The clinical implication of the present study is that cataract surgery in infants younger than 12 weeks of age is safe in terms of visual outcome. The incidence of secondary glaucoma is similar to that reported after primary IOL implantation in older infants. However, the risk of VAO is high, and the parents must be informed that frequent follow-up examinations and additional surgery for VAO in general anaesthesia are necessary. Another disadvantage is that the high myopic shift in young children gives a rather unpredictable final refraction. The advantage of an implanted IOL, however, is that it provides a permanent continuous correction of aphakia, which may be favourable especially during early childhood to prevent amblyopia and to enhance visual development.
The strength of the present study is that it includes an unselected and nationally representative group of the youngest infants with bilateral cataract in Norway. Other advantages are few surgeons, a long and close follow-up, and that all infants had a comprehensive prospective study examination. Limitations of the study are the non-comparative design and that some data were obtained by retrospective review of medical records. Another limitation is the small sample size. However, the study participants included most of the patients with visually significant bilateral cataract at birth operated on in a 10-year period in a university hospital clinic. In conclusion, our study shows that primary IOL implantation before 12 weeks of age gives a favourable visual outcome and that it can be considered as a primary modality of treatment, with the appropriate surgical and anaesthesia experience, and close follow-up.
Data availability statement
Data are available upon reasonable request.
Patient consent for publication
The study was approved by the Oslo University Hospital’s Data Protection Office and the Regional Committee for Medical and Health Research Ethics (South-East Norway, reference number 2016/165). The research was performed in accordance with the Helsinki declaration.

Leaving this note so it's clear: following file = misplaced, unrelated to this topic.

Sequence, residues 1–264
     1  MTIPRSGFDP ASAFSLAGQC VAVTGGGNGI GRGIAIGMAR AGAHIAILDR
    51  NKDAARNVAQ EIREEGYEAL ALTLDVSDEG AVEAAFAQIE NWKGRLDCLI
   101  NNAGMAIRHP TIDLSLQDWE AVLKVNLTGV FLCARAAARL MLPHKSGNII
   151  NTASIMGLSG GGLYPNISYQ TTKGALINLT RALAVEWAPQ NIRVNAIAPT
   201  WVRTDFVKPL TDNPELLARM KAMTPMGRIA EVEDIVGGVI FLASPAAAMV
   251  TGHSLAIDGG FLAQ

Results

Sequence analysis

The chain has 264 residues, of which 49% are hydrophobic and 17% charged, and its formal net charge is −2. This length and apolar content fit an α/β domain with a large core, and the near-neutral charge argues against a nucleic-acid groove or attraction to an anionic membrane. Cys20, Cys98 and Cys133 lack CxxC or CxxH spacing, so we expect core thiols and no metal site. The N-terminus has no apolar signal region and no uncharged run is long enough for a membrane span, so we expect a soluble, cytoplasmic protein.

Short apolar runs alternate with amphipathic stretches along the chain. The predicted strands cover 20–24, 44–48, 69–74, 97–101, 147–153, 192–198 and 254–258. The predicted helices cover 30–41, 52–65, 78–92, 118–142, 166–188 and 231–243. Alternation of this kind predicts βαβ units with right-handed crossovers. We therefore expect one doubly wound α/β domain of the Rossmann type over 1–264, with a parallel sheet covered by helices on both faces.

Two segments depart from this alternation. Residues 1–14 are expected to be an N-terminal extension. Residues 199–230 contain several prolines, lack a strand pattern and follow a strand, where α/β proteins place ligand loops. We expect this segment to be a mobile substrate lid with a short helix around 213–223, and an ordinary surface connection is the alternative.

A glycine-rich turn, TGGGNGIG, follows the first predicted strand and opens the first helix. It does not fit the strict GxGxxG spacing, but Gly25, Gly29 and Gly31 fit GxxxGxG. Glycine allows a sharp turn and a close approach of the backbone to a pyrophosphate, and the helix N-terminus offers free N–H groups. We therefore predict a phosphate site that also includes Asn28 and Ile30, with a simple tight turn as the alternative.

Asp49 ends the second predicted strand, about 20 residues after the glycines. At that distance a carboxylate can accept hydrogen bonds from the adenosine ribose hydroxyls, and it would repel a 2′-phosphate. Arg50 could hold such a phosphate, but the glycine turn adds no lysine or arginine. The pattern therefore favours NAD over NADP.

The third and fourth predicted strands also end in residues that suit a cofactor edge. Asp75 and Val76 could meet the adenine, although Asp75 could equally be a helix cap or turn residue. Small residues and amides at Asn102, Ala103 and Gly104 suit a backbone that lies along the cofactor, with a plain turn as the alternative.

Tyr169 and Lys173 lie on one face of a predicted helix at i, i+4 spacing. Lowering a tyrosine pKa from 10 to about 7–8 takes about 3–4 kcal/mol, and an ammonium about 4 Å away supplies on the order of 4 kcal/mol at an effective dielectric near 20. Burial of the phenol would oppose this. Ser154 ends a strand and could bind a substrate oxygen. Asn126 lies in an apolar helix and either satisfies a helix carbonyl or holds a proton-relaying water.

We want to thank Anna-Katarina Litzen Jørstad and Katinka Jeber (Department of Ophthalmology, Oslo University Hospital), who respectively contributed with the orthoptic and optometrist examination of the children in the comprehensive follow-up examination and contributed to data acquisition. We also want to thank Lotte-Guri Bogfjellmo Sten (Department of Optometry, Radiography and Lighting Design, University of South-Eastern Norway, Campus Kongsberg) who contributed to the design of the study and in the plotting of data. We also want to thank the Norwegian Association of the Blind and Partially Sighted (NABP) for the involvement in the planning of the study.
Contributors Patient examination and data acquisition: SC, EDK, MKS. Data analysis and interpretation: KR, MKS, SC, OK, LD. Article writing and critical revision: MKS, SC, KR, EDK, OK, LD. Supervision: OK, LD.
Funding This work has been funded by the South-Eastern Norway Regional Health Authority, Norway (grant number:2018034) and the Norwegian Association of the Blind and Partially Sighted (NABP), and the project has also received small grants from Inger Holms Memorial Fund and Arthur and Odd Clausons Foundation.
Disclaimer The funding organisations had no role in the design or conduct of this research and have no related commercial interests.
Competing interests None declared.
Patient and public involvement Patients and/or the public were involved in the design, or conduct, or reporting, or dissemination plans of this research. Refer to the Methods section for further details.
Provenance and peer review Not commissioned; externally peer reviewed.